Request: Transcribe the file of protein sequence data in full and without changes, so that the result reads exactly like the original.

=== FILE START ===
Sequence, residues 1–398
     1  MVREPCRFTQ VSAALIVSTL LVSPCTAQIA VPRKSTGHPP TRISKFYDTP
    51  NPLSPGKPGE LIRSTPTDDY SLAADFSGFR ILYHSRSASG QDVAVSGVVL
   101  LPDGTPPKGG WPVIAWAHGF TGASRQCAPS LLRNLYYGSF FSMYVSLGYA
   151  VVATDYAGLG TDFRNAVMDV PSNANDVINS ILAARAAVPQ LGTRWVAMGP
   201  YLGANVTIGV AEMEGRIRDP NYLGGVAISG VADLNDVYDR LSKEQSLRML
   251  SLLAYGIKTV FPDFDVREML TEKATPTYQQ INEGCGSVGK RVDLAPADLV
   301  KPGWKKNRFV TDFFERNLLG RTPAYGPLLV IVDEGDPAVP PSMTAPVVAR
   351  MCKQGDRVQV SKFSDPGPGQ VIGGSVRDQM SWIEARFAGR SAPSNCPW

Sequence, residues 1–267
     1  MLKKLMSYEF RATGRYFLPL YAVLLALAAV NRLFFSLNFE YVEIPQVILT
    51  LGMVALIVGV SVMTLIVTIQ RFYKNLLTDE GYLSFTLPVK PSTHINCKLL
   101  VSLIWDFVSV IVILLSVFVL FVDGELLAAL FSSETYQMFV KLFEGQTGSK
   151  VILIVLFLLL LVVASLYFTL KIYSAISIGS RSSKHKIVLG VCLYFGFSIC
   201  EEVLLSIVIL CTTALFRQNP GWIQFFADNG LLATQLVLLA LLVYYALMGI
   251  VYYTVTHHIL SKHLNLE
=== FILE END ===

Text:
Sequence, residues 1–398
     1  MVREPCRFTQ VSAALIVSTL LVSPCTAQIA VPRKSTGHPP TRISKFYDTP
    51  NPLSPGKPGE LIRSTPTDDY SLAADFSGFR ILYHSRSASG QDVAVSGVVL
   101  LPDGTPPKGG WPVIAWAHGF TGASRQCAPS LLRNLYYGSF FSMYVSLGYA
   151  VVATDYAGLG TDFRNAVMDV PSNANDVINS ILAARAAVPQ LGTRWVAMGP
   201  YLGANVTIGV AEMEGRIRDP NYLGGVAISG VADLNDVYDR LSKEQSLRML
   251  SLLAYGIKTV FPDFDVREML TEKATPTYQQ INEGCGSVGK RVDLAPADLV
   301  KPGWKKNRFV TDFFERNLLG RTPAYGPLLV IVDEGDPAVP PSMTAPVVAR
   351  MCKQGDRVQV SKFSDPGPGQ VIGGSVRDQM SWIEARFAGR SAPSNCPW

Sequence, residues 1–267
     1  MLKKLMSYEF RATGRYFLPL YAVLLALAAV NRLFFSLNFE YVEIPQVILT
    51  LGMVALIVGV SVMTLIVTIQ RFYKNLLTDE GYLSFTLPVK PSTHINCKLL
   101  VSLIWDFVSV IVILLSVFVL FVDGELLAAL FSSETYQMFV KLFEGQTGSK
   151  VILIVLFLLL LVVASLYFTL KIYSAISIGS RSSKHKIVLG VCLYFGFSIC
   201  EEVLLSIVIL CTTALFRQNP GWIQFFADNG LLATQLVLLA LLVYYALMGI
   251  VYYTVTHHIL SKHLNLE